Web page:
Thursday, December 29, 2011

Black & white forever

Fifty years ago everything I took was black and white. Then came colour ... then came digital and everything was colour by default. And yet ... some pictures still work better in black and white than in colour. This candid portrait of our Granddaughter; taken on Christmas day with available light was one of those pictures.
Lightly toned for warmth, in my opinion the colour version just doesn't carry the 'presence' that comes through in B&W. Nikon D80, 50mm, ISO 400, 1/45 sec @ f2.8.

Sunday, December 11, 2011

Another one from the archives ...

This one was a real challenge; It was about the sky - a deep blue Canterbury spring sky. But, whenever I pushed the saturation and luminescence sliders to get the depth of blue I wanted, all I got was horrific posterisation (banding) in the sky - even editing at 16 bits. Eventually I decided on a masked multiply layer rather than pushing the individual colour values and this had the desired effect without any banding artifacts. Another lesson learned.

Eyre River, near Oxford, looking towards the Alps. Two frame stitched panorama, 50mm, 1/160, f11.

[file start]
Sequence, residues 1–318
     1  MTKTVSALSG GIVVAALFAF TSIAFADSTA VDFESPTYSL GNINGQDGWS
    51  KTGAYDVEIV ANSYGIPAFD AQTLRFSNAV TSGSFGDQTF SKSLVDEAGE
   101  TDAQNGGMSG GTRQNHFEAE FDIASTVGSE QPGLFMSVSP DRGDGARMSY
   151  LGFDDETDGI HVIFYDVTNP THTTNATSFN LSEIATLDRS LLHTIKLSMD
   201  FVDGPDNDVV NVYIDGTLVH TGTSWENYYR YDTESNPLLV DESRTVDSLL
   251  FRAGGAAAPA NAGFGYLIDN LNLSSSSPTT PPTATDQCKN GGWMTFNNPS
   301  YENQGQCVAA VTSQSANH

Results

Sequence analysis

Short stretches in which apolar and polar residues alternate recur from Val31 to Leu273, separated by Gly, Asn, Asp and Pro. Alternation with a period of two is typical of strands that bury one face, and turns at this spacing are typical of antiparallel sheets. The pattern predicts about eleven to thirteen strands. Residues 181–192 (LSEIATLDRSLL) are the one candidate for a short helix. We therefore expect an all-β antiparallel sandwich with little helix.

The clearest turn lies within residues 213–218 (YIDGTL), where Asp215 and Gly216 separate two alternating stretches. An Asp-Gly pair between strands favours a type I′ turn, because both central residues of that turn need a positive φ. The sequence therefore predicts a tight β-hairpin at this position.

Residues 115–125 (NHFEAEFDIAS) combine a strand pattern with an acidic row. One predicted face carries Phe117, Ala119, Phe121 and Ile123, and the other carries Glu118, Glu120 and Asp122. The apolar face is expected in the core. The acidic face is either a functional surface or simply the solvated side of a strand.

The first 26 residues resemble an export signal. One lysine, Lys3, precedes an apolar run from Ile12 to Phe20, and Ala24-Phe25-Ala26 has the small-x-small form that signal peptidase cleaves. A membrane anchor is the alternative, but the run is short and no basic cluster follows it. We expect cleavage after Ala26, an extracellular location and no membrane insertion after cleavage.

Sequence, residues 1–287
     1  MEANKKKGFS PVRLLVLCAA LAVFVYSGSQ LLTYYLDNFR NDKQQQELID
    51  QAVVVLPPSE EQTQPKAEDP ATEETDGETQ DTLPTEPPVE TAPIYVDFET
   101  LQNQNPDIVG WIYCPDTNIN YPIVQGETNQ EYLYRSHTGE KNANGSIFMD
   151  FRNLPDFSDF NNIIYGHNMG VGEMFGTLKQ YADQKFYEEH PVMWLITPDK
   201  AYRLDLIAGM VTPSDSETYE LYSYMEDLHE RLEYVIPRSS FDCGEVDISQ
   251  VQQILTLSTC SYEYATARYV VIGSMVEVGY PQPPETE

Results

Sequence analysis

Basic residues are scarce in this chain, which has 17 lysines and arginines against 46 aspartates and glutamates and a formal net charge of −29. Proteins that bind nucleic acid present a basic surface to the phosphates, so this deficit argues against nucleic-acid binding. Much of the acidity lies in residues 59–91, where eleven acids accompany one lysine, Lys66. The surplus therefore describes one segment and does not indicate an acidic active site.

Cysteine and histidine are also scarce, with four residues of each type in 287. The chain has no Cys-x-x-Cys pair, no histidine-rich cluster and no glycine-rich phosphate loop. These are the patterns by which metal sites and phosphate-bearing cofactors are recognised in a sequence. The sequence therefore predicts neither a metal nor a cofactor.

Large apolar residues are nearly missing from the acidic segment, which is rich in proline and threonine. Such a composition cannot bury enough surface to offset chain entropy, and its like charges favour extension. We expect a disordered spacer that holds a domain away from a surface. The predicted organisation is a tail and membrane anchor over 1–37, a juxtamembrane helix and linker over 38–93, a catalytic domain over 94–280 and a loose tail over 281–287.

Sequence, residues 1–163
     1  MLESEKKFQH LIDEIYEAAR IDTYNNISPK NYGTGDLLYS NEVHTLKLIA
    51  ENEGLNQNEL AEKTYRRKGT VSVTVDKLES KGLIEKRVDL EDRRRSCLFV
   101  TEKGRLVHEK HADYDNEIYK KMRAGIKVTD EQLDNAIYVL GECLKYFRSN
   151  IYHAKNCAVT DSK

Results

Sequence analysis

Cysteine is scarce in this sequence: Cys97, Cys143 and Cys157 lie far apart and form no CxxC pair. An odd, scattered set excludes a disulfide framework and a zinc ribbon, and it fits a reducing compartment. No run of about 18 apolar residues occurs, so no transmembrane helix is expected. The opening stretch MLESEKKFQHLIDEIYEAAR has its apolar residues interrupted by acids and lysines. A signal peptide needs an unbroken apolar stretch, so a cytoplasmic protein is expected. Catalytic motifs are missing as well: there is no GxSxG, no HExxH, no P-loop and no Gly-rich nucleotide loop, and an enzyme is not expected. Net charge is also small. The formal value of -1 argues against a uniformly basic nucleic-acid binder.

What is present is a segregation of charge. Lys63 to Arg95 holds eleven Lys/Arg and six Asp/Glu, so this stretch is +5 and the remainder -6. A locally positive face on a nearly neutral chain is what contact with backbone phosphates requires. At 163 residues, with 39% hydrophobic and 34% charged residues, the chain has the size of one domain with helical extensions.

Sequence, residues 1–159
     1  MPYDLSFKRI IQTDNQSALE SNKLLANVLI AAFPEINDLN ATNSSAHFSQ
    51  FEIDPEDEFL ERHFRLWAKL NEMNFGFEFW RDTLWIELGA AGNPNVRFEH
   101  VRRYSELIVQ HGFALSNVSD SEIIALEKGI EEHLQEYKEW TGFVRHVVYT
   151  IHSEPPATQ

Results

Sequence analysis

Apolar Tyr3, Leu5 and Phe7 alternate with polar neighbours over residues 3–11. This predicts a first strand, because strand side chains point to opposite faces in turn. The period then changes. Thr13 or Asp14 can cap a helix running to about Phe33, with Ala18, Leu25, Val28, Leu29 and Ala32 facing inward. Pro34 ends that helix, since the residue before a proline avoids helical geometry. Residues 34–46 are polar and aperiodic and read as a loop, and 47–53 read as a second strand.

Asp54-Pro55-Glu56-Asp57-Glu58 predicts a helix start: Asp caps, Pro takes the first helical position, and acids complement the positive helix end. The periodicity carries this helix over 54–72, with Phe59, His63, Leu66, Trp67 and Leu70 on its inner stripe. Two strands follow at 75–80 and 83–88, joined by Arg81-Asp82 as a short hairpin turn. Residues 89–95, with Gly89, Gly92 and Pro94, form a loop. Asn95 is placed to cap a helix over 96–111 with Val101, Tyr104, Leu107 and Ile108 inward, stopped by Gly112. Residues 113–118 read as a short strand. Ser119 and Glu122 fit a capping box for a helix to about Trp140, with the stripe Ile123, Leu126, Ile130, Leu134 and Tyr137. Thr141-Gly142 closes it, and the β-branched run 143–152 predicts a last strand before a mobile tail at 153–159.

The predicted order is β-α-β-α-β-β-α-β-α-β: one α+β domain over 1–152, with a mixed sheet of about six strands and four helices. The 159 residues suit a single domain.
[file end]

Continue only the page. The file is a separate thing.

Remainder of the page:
Friday, December 9, 2011

Two years later ...

It's amazing the difference two years experience can make. I took this image in 2009 but it has languished on  the hard drive for two years because I couldn't get it looking right. The main problem was noise. there were huge areas of noise in the mid-ground trees and even to reduce the noise to that level, there was excessive smearing of the distant details. In short it looked a mess.

Since then I have acquired better tools (Topaz) and a better understanding of how to use them. Installing Lightroom 3 this week, the original image resurfaced and so I took another shot at it using the new tools and a more refined workflow:

Now it looks the way I originally wanted it to; no visible noise and nice sharp detail all the way from the foreground rock to the mountains - 14mm, 1/350, f16, IS0800 (hence the noise problem).

Thursday, December 1, 2011

Symbol of privatisation

Track maintenance gear sitting unused at Springfield, since the railways were privatised way back when. Then, when the private owners can't screw another buck out of the project, our kind government buy it back at some inflated price to restore it to working order. Of course by then the gear is all rusted and useless ...